Kupwara: Militants sneaking into India from across the border are increasingly using global positioning systems (GPS) devices in their sneak planning, posing problems to the army who have no equipment to track them as yet.
According to the soldiers manning the Line of Control (LoC) in north Kashmir’s Kupwara sector, militants now depend on the satellite-based global positioning system (GPS) instead of human guides to infiltrate into the Valley.
“Militants have gone hi-tech as they are using sophisticated devices to find their way into our side of the Valley,” said a top army official. Soldiers are currently not trained to intercept these and nor are they equipped to identify and confiscate the same.
“The incidents where militants rely on GPS to sneak into the Valley have increased in the recent past, putting pressure on the army to respond quickly to the challenge,” he said.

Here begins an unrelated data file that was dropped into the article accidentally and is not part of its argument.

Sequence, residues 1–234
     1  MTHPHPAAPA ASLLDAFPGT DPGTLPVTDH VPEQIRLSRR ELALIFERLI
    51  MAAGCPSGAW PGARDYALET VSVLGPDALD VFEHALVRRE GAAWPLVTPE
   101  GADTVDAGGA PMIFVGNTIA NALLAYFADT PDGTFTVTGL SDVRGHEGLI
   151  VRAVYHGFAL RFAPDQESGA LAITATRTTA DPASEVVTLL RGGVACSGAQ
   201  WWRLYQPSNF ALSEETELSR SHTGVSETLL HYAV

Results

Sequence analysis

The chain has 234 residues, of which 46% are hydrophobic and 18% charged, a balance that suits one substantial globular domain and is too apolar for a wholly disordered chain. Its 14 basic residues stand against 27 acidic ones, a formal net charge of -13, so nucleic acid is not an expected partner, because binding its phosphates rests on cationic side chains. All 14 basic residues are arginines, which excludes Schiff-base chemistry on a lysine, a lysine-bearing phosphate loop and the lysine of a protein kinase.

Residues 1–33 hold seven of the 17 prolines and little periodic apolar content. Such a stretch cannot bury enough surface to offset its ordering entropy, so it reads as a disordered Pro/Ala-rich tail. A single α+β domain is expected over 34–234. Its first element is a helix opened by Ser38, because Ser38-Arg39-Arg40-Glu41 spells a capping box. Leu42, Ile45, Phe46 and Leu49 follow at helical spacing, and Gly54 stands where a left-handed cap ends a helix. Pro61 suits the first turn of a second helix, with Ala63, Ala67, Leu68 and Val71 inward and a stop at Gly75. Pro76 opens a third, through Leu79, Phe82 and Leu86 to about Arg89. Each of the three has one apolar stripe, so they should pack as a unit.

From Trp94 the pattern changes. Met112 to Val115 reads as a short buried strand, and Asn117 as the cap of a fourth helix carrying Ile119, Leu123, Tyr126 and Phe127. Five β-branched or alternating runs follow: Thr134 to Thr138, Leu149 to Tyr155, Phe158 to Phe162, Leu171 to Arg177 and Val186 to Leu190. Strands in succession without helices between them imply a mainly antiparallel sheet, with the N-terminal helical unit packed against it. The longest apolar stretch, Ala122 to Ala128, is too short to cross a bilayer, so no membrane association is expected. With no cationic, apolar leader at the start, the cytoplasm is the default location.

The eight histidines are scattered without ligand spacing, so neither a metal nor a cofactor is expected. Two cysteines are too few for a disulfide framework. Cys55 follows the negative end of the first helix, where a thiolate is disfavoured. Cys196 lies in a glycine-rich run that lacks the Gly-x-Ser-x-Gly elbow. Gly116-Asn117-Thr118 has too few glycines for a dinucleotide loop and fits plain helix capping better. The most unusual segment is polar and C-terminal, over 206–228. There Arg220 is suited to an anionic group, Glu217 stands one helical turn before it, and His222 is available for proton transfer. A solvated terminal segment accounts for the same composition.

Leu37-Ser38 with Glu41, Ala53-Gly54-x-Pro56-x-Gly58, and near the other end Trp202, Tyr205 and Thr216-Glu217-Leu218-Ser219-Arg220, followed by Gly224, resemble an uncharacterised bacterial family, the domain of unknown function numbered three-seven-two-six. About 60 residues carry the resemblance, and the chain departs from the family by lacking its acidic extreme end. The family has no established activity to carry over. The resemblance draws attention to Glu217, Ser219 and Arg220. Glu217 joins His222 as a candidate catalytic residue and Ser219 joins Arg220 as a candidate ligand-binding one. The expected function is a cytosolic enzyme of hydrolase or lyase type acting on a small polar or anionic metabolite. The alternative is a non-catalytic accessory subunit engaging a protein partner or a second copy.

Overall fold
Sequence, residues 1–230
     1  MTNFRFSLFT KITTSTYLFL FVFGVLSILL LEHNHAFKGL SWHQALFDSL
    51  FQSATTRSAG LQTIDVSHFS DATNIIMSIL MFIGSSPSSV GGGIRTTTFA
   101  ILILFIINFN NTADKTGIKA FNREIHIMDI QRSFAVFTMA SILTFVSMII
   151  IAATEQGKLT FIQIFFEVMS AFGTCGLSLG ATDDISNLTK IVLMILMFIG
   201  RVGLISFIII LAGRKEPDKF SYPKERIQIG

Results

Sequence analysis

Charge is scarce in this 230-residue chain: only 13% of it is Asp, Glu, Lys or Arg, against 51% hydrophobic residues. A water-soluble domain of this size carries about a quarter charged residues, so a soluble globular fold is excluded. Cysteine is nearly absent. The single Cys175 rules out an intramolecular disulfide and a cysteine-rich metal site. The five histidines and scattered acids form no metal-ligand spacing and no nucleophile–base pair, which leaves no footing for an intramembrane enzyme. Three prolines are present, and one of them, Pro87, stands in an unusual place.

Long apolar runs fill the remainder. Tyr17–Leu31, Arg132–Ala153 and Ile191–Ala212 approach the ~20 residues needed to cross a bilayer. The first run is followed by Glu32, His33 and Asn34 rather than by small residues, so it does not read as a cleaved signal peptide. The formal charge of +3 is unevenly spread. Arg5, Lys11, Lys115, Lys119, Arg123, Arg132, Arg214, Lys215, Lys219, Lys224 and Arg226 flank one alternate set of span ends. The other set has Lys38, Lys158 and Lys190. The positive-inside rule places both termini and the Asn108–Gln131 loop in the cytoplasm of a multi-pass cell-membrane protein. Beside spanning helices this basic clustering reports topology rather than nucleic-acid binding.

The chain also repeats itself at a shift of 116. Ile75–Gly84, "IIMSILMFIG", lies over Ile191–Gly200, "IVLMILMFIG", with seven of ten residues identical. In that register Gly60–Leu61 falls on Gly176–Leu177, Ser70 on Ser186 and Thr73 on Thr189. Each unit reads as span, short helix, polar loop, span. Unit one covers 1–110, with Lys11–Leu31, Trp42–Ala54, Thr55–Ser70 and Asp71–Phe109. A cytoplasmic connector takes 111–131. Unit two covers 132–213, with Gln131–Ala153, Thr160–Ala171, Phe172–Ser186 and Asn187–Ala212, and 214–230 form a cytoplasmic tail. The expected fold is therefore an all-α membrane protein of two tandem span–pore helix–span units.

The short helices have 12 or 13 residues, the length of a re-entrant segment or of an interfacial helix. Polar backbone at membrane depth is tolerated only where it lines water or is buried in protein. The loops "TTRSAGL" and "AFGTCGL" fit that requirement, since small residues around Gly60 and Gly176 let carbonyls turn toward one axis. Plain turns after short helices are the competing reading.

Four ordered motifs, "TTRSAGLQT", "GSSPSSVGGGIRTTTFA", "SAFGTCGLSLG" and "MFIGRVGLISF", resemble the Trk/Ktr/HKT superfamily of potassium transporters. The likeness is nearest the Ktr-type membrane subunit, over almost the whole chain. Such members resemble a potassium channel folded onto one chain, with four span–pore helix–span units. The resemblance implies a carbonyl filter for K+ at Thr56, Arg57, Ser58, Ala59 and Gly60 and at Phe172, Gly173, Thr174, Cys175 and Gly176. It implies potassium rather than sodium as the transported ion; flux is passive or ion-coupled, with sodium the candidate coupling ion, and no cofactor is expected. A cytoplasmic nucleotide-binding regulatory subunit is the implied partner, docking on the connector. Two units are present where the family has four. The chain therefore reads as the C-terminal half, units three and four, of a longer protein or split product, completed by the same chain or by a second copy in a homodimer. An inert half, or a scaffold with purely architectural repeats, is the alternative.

A GPS device can be as small as a mobile phone and is available for as little as Rs 3,000-5,000 and can be used by anyone with a little technical knowledge. Future months will see technology assist those on the other side of the law, leaving the guardians of civil lives more challenged than ever before.
Earlier infiltrators relied mostly on “not always trustworthy” human guides who used to take hefty sums in crossing the border but now the hi-tech equipment has taken over as it can easily remain untraced.
“Earlier we used to track mobile conversations between infiltrators and their guides but now we don’t have any resources to track GPS signals,” said another official.
“A person sitting kilometres away can easily guide the infiltrators and we cannot trace the signals,” he added.